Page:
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http://dx.doi.org/10.3390/insects4020185DOI Listing
http://www.ncbi.nlm.nih.gov/pmc/articles/PMC4553517PMC
May 2013

Evaluation of the predatory mite Amblyseius hainanensis (Acari: Phytoseiidae) and artificial rainfall for the management of Brevipalpus obovatus (Acari: Tenuipalpidae).

Exp Appl Acarol 2012 Oct 21;58(2):121-31. Epub 2012 Apr 21.

State Key Laboratory for Biocontrol and Institute of Entomology, Sun Yat-Sen University, Guangzhou 510275, China.

Brevipalpus obovatus Donnadieu is an important pest mite on tea plants in South China. In the current study, predatory mites of B. obovatus in the tea gardens of Guangzhou were extensively surveyed. In total, 13 species of predatory mites (four families with seven genera) were recorded. The population proportion of Amblyseius hainanensis Wu et Qian was the highest (68.6 %), followed by that of Anystis baccarum (L.) (8.4 %) and A. theae Wu (6.3 %). The effects of starvation time, habitat size and pest population density on the predatory efficiency of the most dominant species, A. hainanensis, feeding on B. obovatus were assessed. In addition, the effectiveness of artificial rainfall in reducing B. obovatus populations was evaluated. After starvation for 48 h, the predatory efficiency of A. hainanensis was significantly higher than those that had been starved for 24 or 72 h when 30-50 B. obovatus eggs were made available. The predation of A. hainanensis on B. obovatus also increased with increasing prey density. The number of prey attacked by A. hainanensis in a 3.2 cm(2) habitat was significantly higher than in a 6.3 cm(2) habitat. The average predation of A. hainanensis was 31.7 eggs per day when offered 100 B. obovatus eggs on a tea leaf. This decreased to 17.8 eggs per day when four A. hainanensis shared 100 B. obovatus eggs. B. obovatus populations can be reduced by artificial rainfall, with the reduction affected by rainfall intensity. With an intensity of 40 mm in 15 min, 90.2 % mortality of B. obovatus occurred; lower mortalities were recorded (13.3 and 29.8 %) when the intensity was 2 or 4 mm in 15 min. Combination of the predatory mite A. hainanensis and artificial rainfall for the integrated pest management of B. obovatus is discussed.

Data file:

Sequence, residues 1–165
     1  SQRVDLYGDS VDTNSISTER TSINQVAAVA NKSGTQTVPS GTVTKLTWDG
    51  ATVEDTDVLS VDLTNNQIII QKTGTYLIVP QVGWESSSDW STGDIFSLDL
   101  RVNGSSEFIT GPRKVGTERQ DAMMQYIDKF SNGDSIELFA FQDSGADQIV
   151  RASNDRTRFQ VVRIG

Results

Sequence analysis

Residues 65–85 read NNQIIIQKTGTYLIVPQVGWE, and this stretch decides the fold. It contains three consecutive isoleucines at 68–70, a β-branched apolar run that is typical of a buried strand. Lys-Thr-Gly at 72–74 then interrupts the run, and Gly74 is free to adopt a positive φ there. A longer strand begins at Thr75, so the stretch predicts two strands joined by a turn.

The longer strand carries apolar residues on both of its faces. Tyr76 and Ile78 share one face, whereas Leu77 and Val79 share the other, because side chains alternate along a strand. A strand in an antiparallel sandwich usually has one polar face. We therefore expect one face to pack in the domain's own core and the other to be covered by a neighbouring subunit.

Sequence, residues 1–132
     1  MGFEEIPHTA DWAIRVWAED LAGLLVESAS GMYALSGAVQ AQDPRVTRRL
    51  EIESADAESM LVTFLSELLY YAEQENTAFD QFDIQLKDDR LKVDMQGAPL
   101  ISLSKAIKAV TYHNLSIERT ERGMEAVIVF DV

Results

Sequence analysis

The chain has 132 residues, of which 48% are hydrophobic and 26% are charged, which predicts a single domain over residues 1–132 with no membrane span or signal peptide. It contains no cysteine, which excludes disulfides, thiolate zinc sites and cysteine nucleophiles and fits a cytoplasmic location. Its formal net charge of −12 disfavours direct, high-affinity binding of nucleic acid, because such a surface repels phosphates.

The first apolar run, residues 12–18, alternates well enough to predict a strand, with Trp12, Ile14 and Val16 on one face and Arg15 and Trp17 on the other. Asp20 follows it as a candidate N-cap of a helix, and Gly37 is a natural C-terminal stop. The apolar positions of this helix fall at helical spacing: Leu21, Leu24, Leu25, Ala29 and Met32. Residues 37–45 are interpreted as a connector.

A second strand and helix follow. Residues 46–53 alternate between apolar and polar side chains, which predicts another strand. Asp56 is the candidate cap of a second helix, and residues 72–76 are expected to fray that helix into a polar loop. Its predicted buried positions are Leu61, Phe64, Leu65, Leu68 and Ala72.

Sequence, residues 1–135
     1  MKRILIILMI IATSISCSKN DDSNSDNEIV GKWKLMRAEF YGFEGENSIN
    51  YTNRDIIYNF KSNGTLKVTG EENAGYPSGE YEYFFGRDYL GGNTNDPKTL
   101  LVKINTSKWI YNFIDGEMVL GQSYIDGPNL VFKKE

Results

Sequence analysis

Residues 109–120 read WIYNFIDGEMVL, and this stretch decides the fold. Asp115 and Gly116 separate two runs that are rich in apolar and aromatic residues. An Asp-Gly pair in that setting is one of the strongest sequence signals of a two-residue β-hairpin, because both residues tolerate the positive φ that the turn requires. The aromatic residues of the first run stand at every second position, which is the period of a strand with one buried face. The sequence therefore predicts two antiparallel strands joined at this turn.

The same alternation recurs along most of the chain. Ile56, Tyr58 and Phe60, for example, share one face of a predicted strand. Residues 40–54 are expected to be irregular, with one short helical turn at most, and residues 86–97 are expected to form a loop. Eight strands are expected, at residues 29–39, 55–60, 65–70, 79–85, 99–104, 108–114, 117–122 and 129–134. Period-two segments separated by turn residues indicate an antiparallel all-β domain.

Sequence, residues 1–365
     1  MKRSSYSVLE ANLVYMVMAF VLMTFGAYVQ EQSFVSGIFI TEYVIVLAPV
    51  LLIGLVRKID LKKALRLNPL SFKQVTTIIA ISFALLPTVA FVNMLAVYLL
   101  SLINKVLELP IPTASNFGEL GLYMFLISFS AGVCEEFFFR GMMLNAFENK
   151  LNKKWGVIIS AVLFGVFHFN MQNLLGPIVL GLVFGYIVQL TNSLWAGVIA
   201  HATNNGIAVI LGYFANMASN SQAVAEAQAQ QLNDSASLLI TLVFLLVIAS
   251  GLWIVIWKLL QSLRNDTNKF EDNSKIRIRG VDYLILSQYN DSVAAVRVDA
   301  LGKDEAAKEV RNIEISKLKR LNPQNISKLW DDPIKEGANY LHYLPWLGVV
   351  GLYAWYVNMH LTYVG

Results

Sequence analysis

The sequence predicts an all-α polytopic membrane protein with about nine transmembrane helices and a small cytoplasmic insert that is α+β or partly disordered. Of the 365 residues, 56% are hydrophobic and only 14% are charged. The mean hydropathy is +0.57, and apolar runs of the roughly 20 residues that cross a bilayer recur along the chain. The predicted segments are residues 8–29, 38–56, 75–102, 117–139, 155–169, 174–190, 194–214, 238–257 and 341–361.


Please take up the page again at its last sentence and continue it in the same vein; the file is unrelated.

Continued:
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http://dx.doi.org/10.1007/s10493-012-9555-8DOI Listing
October 2012

Prey consumption rates and compatibility with pesticides of four predatory mites from the family Phytoseiidae attacking Thrips palmi Karny (Thysanoptera: Thripidae).

Pest Manag Sci 2012 Sep 19;68(9):1289-95. Epub 2012 Apr 19.

The Food and Environment Research Agency, Sand Hutton, York, UK.

Background: Predatory mites (Amblyseius swirskii Athias-Henriot, Typhlodromips montdorensis Schicha, Neoseiulus cucumeris (Oudemans) and Iphiseius degenerans Berlese) were investigated for their potential to act as control agents for Thrips palmi Karny. Prey consumption rates and compatibility with pesticides were assessed.

Results: Second-instar larvae were the preferred life stage. Typhlodromips montdorensis consumed the most larvae (2.8) and also an average of 1.2 adult T. palmi per 5 day period. Both 24 and 48 h assessments following application of abamectin, spinosad and imazalil demonstrated mortality of predatory mites (across all species), which was significantly higher than with the other treatments (P < 0.001). Spraying with pymetrozine did not provide any increased mortality when compared with the water control. Application of thiacloprid proved detrimental only to I. degenerans. Following indirect exposure of predatory mites to pymetrozine and imazalil, no significant differences in mite mortality were obtained. Indirect exposure to spinosad was identified as the most detrimental treatment (P < 0.001) to all mites. Abamectin also proved detrimental, with only T. montdorensis showing any potential tolerance.

Conclusion: All predatory mites investigated offer potential for controlling T. palmi. Compatibility with chemicals varied between the mites. The potential of incorporating the mites into eradication strategies for T. palmi is discussed.
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http://dx.doi.org/10.1002/ps.3296DOI Listing
September 2012

Screening Commercially Available Entomopathogenic Biocontrol Agents for the Control of Aethina tumida (Coleoptera: Nitidulidae) in the UK.

Insects 2012 Aug 9;3(3):719-26. Epub 2012 Aug 9.

The Food and Environment Research Agency, National Bee Unit, Sand Hutton, York YO41 1LZ, UK.

The Small hive beetle, Aethina tumida, is an invasive pest of honey bees. Indigenous to sub-Saharan Africa, it has now become established in North America and Australia. It represents a serious threat to European honey bees. Commercially available entomopathogenic agents were screened for their potential to control beetle larvae. Entomopathogenic fungi investigated had minimal impact. The nematodes Steinernema kraussei and S. carpocapsae provided excellent control with 100% mortality of larvae being obtained. Sequential applications of the nematodes following larvae entering sand to pupate also provided excellent control for up to 3 weeks. The information gained supports the development of contingency plans to deal with A. tumida should it occur in the UK, and is relevant to the management of Small hive beetle where it is already present.